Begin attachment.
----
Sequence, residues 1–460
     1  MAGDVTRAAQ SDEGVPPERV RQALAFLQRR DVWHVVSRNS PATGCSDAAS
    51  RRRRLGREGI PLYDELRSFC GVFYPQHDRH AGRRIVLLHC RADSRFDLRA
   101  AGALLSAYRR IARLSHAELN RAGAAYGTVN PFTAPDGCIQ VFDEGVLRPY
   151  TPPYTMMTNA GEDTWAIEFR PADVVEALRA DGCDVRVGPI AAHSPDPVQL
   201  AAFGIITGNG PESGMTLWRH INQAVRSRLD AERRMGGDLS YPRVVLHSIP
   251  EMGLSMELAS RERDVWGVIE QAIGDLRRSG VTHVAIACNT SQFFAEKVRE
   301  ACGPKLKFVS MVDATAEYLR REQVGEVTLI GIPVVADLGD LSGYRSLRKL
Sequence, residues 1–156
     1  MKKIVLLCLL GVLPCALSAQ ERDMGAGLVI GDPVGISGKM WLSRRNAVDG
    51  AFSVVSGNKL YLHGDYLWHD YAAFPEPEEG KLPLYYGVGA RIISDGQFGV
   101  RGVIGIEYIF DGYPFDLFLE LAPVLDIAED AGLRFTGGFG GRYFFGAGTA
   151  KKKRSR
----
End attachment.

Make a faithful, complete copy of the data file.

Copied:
Sequence, residues 1–460
     1  MAGDVTRAAQ SDEGVPPERV RQALAFLQRR DVWHVVSRNS PATGCSDAAS
    51  RRRRLGREGI PLYDELRSFC GVFYPQHDRH AGRRIVLLHC RADSRFDLRA
   101  AGALLSAYRR IARLSHAELN RAGAAYGTVN PFTAPDGCIQ VFDEGVLRPY
   151  TPPYTMMTNA GEDTWAIEFR PADVVEALRA DGCDVRVGPI AAHSPDPVQL
   201  AAFGIITGNG PESGMTLWRH INQAVRSRLD AERRMGGDLS YPRVVLHSIP
   251  EMGLSMELAS RERDVWGVIE QAIGDLRRSG VTHVAIACNT SQFFAEKVRE
   301  ACGPKLKFVS MVDATAEYLR REQVGEVTLI GIPVVADLGD LSGYRSLRKL
Sequence, residues 1–156
     1  MKKIVLLCLL GVLPCALSAQ ERDMGAGLVI GDPVGISGKM WLSRRNAVDG
    51  AFSVVSGNKL YLHGDYLWHD YAAFPEPEEG KLPLYYGVGA RIISDGQFGV
   101  RGVIGIEYIF DGYPFDLFLE LAPVLDIAED AGLRFTGGFG GRYFFGAGTA
   151  KKKRSR